[American Free Press] A respected peer-reviewed scientific journal has boldly published the groundbreaking research of a noted San Diego geoscientist about “chemtrails,” shedding important new light on the murky subject by identifying a particularly hazardous substance being sprayed into the atmosphere.
Dr. J. Marvin Herndon’s paper in the International Journal of Environmental Research and Public Health reveals that this substance is coal fly ash, a byproduct of coal burning.
Coal fly ash is comprised of micron and sub-micron particles that would go up the smokestack unless captured and stored. Because of its adverse environmental health effects, Western nations now require coal-combustion fly ash to be captured and stored.
Used as a Portland cement additive, for agricultural soil amendments, mine reclamation, melting river ice and as subsurface material for roads, coal fly ash also is a concentrated repository for many trace elements: arsenic, barium, beryllium, boron, cadmium, chromium, cobalt, lead, manganese, mercury, molybdenum, selenium, thallium, thorium, vanadium and uranium.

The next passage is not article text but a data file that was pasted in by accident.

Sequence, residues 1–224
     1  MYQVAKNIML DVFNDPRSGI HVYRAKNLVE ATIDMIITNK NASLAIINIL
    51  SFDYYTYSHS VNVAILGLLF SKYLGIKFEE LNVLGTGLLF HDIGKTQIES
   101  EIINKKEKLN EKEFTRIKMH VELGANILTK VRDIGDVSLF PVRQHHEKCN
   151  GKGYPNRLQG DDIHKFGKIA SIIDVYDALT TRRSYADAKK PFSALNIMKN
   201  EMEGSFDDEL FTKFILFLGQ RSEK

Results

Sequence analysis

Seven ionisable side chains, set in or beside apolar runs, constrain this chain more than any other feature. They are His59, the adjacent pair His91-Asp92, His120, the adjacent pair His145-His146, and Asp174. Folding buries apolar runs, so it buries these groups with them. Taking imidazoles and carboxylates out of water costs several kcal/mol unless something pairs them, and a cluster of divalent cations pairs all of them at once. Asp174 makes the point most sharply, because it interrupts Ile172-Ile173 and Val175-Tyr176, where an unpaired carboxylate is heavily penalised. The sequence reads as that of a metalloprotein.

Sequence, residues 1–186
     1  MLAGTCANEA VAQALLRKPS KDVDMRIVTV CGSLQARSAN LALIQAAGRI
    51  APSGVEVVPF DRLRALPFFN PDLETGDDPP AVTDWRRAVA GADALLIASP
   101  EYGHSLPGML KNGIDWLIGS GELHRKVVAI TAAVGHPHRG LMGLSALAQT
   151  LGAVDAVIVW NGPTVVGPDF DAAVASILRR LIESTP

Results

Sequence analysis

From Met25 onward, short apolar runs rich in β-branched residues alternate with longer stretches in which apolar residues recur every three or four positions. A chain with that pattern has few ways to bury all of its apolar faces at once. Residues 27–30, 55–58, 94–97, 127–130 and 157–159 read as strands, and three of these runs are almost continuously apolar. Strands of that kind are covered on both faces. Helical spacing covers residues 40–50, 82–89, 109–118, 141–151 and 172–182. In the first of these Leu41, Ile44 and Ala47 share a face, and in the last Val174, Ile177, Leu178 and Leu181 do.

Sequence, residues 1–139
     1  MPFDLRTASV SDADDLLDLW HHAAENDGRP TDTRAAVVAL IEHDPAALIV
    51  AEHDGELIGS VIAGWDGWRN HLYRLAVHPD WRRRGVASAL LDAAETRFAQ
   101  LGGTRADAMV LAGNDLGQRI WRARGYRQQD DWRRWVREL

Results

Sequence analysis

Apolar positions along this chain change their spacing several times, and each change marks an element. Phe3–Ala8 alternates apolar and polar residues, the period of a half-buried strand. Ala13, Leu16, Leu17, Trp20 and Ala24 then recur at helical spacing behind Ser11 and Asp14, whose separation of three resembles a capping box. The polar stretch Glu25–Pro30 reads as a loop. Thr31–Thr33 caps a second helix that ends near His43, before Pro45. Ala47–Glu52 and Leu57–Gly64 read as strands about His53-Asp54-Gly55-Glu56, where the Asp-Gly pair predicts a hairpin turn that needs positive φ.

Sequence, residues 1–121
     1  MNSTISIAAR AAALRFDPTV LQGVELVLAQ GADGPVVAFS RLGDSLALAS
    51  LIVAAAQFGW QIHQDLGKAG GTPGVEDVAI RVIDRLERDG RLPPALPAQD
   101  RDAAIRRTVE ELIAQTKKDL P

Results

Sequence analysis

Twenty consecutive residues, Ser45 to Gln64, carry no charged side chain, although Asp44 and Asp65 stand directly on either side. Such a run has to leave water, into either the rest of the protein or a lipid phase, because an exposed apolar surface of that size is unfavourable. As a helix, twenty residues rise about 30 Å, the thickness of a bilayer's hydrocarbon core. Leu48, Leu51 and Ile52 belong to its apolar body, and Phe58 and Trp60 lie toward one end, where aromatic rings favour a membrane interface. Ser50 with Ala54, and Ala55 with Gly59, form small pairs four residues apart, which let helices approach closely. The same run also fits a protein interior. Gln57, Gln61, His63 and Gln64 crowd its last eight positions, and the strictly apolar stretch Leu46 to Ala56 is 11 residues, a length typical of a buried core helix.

His paper, entitled “Evidence of Coal Fly Ash Toxic Chemical Geoengineering in the Troposphere: Consequences for Public Health,” should bring much-needed visibility and legitimacy to chemtrails, a subject that’s still unknown to most citizens. The paper vindicates other researchers and activists who’ve been laboring to call attention to those strange cloud-like streaks crisscrossing our skies and their potential dangers.*
“There’s nothing in the scientific literature that I’ve been able to find on this subject,” Herndon told AMERICAN FREE PRESS August 25. “As far as legitimate scientific papers, there appear to be none”—regarding what his paper calls “the intentional and increasingly frequent chemical emplacement [spraying] in the troposphere.” Read More